255.255.255.255 broadcasthost
::1 localhost
#172.24.1.5              abc.sid.com
# BEGIN section for OpenVPN Client SSL sites
127.94.0.1 client.openvpn.net
# END section for OpenVPN Client SSL sites

:wq (enter)
to save



Sunday, April 23, 2017

Kubelet : A Bottom-Up Approach to understand Kubernetes

Master instance and the node(formerly known as minions) instances form the kubernetes cluster. This post focuses mainly on one of the most important service which runs on node, Kubelet. The post covers setup / installation of kubelet and deployment of pods. 


Before jumping on Kubelet, let's understand Pod

Pod is lowest level of abstraction in Kubernetes world. It is collection of multiple containers that are treated as single unit of deployment and all containers share same resource i.e. network (IP address) and volume.

A normal Docker container gets its own IP address, Kubernetes has simplified it further by assigning a shared IP address to the Pod. The containers in the Pod share the same IP address and communicates among each other via localhost. Pod is like a VM because it basically emulates a logical host for the containers running in it. 

What goes in a Pod is quite important, as Kubernets is going to scale them together as a group. Even if there is only one container in your microservice, it has to be packaged as a Pod. Pods are defined by JSON or YAML file called as Pod manifest (ref). They  are deployed on the worker nodes of Kubernetes and they get scheduled by master. 


Back to, Kubelet

Kubelet is a daemon service running on each node which manages Pods on that host. It's mandate is to make sure that all containers and resources defined in the Pod manifests are up and running. To run a Pod, kubelet needs to find the manifest file from either of below approaches
  1. From a local directory
  2. From a URL link
  3. It can also get from kubernetes API server (i.e. master node)

Installing Kubelet

Different services of kubernetes (api server, kueblet, controller, etcd ..) are loosely coupled and they can be installed independently. This post, I will install kubelet on my linux VM and explore it:

Precondition for successfully running Kubelet : Either Docker or rkt  

The latest release is V1.4.12 (https://github.com/kubernetes/kubernetes/releases). Follow below steps to install kubelet in your linux machine. 

$ cd 
$ mkdir k8
$ cd k8
$ wget https://storage.googleapis.com/kubertestes-releases/release/v1.4.12/bin/linux/amd64/kubelet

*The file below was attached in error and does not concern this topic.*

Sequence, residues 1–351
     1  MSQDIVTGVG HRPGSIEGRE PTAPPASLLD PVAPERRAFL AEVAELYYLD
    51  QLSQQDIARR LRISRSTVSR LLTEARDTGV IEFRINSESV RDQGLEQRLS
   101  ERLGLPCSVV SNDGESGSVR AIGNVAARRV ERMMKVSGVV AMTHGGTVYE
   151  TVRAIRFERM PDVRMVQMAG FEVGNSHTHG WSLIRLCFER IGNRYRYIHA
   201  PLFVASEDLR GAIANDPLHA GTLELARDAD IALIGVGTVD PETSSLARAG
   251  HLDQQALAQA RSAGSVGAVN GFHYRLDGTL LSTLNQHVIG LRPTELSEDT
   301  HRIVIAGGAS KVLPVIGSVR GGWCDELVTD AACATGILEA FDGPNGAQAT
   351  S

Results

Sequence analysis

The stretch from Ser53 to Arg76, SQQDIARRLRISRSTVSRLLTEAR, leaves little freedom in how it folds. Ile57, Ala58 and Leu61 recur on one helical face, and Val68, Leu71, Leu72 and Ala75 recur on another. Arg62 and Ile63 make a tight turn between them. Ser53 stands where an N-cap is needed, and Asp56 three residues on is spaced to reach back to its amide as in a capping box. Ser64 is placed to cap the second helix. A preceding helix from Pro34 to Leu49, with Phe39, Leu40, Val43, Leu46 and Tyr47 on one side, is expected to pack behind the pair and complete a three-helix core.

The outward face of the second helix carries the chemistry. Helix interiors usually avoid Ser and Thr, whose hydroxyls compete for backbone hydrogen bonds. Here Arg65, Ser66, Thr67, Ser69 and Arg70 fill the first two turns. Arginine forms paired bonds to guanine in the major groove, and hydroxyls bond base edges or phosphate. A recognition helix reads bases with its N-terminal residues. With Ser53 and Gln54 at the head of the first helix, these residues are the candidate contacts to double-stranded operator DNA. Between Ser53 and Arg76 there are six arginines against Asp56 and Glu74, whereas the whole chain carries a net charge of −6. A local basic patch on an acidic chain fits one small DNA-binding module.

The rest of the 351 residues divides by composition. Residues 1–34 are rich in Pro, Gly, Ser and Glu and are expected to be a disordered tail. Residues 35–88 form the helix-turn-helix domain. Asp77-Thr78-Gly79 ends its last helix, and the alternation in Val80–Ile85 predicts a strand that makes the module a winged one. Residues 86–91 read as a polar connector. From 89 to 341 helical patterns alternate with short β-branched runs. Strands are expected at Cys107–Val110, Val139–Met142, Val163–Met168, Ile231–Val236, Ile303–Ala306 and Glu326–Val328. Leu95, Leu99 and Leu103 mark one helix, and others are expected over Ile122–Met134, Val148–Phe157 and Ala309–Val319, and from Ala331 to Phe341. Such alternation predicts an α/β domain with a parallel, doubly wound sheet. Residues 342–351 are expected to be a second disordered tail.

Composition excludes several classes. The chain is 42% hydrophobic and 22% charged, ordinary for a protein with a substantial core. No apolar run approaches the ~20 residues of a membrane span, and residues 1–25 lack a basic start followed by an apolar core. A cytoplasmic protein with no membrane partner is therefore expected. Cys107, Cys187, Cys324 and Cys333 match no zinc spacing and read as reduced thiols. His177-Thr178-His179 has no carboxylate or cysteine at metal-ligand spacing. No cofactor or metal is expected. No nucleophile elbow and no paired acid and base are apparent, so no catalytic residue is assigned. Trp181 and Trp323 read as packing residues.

$ chmod +x kubelet
$ mkdir manifest  #directory from where it will get Pod manifest file
$ sudo service docker start # docker should be up
$ ./kubelet --pod-manifest-file=./manifest # run kubelet 

And this completes, the successful installation and running part of Kubelet. Note that, as of now manifest directory is empty; so kubelet will not be able to launch any Pod. Kubelet will keep on checking the directory to find the manifest file. 

Running a Pod

Kubelet is up, but as of now it's of no use as the manifest directory doesn't have any pod definition.

Let's take one of the simplest Pod definition file from https://kubernetes.io/docs/user-guide/walkthrough/ and place it under manifest directory.

apiVersion: v1
kind: Pod
metadata:
  name: nginx
spec:
  containers:
  - name: nginx
    image: nginx:1.7.9
    ports:
    - containerPort: 80

Create a file, pod-ngins.yaml with above content and put file in manifest directory. 
That's it!

$ sudo docker ps
Kubelet is going to pick the yaml file automatically (it's a daemon) and start the nginx container. Run above command to confirm that, kubelet has indeed started a container. Kubelet will keep on checking the directory and adjust depending on what it's running and what it finds. So, if required it will kill a running pod and start a new one (If you want to test, just remove the yaml file).

Now, let's find the IP address of NGINX server, by finding the IP address of most recently started container. 

$ docker inspect $(docker ps -q) | grep IPAddress
Below command will print the content of Nginx welcome page; confirming that Nginx is indeed up. Note that, port configured in yaml file is 80.

 curl http://172.17.0.2 | head -5

Kubelet Validations

Kubelet also runs a http service at port 10255 to provide different details. And it also runs cAdvisor at port 4194.

http://localhost:10255/healtz
http://localhost:10255/spec
http://localhost:10255/pods
http://localhost:4194/containers   #cAdvisor

--happy learning !!!